There is a pervasive belief that if you use any mind-altering medications — even those that treat depression, anxiety, or addiction — you are not in recovery. Because I received a monthly injection of Vivitrol, a medication for addiction treatment, I heard many times that I wasn’t truly sober, even though I was.
My sponsor and I weren’t a good fit. When she encouraged me to make amends with a boy who had assaulted me when I was a teenager, I realized for the first time that I had a choice about my recovery. Would doing what she asked help or hurt? I trusted my intuition and we parted ways. Though I never finished the 12 steps, I continued marching forward.
I knew I needed support, so twice a week I went to a therapist who specializes in addiction and recovery.
There, I learned that recovering from trauma and addiction requires a lifelong commitment. I found out about self-compassion and acceptance. And I realized I was worth the effort.
That first year, I felt conspicuous in a way I never had before. Every holiday or special occasion was a minefield. I thought everyone would notice I wasn’t drinking beer on St. Patrick’s Day. At a wedding, I didn’t toast the bride and groom with champagne, and I was convinced everyone knew my secret. But over time I realized that no one was paying as much attention to my drinking as I was. And it didn’t matter anyway.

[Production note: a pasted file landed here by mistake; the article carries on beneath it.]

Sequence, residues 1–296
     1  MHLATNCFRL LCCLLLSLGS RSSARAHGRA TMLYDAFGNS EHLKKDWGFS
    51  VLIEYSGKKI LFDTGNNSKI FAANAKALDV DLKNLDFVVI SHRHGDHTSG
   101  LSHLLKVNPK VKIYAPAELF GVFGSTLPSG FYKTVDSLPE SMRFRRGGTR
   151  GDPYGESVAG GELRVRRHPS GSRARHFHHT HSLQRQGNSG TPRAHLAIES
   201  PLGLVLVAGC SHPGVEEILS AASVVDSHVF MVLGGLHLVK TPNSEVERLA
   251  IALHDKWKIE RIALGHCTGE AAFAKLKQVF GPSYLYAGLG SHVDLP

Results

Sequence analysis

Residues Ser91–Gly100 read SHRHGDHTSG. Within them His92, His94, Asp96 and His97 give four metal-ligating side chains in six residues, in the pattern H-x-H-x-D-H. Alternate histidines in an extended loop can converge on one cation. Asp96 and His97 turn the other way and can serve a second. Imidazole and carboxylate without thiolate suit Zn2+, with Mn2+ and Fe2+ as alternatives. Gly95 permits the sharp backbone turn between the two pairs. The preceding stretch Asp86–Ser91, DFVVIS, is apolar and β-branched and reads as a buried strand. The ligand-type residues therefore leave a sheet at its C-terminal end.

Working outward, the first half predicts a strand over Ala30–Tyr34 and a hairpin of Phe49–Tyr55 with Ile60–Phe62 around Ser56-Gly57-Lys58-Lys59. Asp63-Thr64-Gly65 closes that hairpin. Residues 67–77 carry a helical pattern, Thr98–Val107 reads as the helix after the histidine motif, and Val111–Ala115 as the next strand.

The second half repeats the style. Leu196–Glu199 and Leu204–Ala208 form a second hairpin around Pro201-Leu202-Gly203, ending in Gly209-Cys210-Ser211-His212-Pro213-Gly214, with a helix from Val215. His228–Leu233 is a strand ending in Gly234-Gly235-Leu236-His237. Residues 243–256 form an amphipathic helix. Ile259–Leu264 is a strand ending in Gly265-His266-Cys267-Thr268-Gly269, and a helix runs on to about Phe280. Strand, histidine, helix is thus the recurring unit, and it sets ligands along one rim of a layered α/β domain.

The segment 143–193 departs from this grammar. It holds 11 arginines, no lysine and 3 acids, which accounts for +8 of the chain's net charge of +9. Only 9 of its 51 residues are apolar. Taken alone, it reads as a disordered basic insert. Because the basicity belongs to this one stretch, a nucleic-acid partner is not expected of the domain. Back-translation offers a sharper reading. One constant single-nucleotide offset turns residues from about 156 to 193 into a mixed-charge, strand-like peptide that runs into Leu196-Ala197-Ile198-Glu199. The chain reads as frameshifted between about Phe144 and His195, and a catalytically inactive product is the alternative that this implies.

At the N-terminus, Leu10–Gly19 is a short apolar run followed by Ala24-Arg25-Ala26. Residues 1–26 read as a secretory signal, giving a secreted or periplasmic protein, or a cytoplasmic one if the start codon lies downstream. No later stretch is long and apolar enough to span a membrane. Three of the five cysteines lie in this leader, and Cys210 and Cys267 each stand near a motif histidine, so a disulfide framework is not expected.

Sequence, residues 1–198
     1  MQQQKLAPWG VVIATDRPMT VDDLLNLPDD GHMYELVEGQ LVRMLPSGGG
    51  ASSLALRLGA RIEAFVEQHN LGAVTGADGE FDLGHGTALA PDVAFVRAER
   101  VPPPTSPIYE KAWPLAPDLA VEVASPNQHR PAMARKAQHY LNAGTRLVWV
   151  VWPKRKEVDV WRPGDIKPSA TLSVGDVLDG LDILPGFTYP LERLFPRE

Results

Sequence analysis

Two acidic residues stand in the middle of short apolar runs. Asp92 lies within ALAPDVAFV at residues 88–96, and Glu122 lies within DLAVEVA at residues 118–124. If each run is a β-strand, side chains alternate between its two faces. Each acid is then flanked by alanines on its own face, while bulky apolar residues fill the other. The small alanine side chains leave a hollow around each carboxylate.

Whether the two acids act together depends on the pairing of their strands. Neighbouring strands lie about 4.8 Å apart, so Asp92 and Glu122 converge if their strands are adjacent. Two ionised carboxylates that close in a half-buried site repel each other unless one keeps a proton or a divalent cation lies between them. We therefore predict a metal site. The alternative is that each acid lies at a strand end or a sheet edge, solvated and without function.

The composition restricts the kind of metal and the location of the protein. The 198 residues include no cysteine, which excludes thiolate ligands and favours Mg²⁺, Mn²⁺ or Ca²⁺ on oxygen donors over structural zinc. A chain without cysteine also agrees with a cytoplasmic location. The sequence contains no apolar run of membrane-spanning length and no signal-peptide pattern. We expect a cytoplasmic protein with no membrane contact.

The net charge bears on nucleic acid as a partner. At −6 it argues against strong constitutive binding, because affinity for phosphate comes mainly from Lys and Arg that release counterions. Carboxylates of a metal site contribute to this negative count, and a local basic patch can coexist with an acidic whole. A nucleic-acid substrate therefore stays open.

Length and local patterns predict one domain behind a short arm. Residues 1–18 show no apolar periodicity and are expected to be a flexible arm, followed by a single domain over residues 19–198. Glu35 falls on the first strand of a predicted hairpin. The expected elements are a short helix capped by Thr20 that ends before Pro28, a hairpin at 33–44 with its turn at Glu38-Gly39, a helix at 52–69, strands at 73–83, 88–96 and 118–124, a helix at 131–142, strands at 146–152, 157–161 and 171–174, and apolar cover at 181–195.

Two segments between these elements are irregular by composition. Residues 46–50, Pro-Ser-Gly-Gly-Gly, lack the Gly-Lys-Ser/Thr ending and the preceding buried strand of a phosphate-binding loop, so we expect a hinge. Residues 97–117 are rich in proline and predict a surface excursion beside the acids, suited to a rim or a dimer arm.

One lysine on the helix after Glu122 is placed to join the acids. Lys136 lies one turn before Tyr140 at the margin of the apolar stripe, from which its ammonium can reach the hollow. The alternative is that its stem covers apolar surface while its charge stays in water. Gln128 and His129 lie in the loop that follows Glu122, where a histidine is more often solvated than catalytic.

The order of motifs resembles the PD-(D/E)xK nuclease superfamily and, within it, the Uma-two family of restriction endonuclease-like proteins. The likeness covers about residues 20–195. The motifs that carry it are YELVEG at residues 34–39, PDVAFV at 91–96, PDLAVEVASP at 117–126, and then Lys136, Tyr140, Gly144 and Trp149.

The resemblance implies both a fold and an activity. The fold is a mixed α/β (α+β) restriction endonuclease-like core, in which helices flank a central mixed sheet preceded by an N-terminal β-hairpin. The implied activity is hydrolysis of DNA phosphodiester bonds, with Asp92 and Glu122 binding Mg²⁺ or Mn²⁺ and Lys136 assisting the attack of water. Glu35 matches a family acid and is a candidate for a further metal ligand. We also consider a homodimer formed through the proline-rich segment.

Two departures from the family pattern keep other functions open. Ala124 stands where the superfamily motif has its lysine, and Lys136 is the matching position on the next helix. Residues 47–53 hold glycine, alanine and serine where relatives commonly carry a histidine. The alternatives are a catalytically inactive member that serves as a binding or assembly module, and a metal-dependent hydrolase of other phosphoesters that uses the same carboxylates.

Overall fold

The first year is also when I realized that long-term recovery was achievable for me.
If I could stay sober for a year, I could make it another year, and then another. Early in recovery, I heard one of the speakers at a meeting say, “You will set goals for yourself now, but a year or two down the road you will be astounded to discover that those goals were nothing compared to all the things recovery will make it possible for you to do.” She was right. My life started changing in ways that I never could have imagined.
My husband and I moved from Arizona back to Washington, DC and I landed a job at a museum where I had always dreamed of working. I learned to advocate for myself instead of always doing what was expected of me and that helped me to address long-term issues in my relationship with my parents in a healthy way. Sustaining positive change is a lifelong process, but even after just one year in recovery, my life was more fulfilling than I could ever have imagined.
But the best part of the first year was the change in my relationship with my husband.
Throughout my addiction and recovery journey, he has been my greatest support. Our relationship deepened as we learned that in recovery, all the things we wanted for our lives were possible.
I am in long-term recovery now with seven years of sobriety. I have a wonderful job, a loving marriage, and I live in a city and home I adore. I still don’t go to meetings, but I do go to counseling, and I’ve found the courage to confide in some of my friends and family members about my struggle with addiction. No recovery journey is perfect but I’m living the life I was meant to live. I am grateful for my recovery every single day.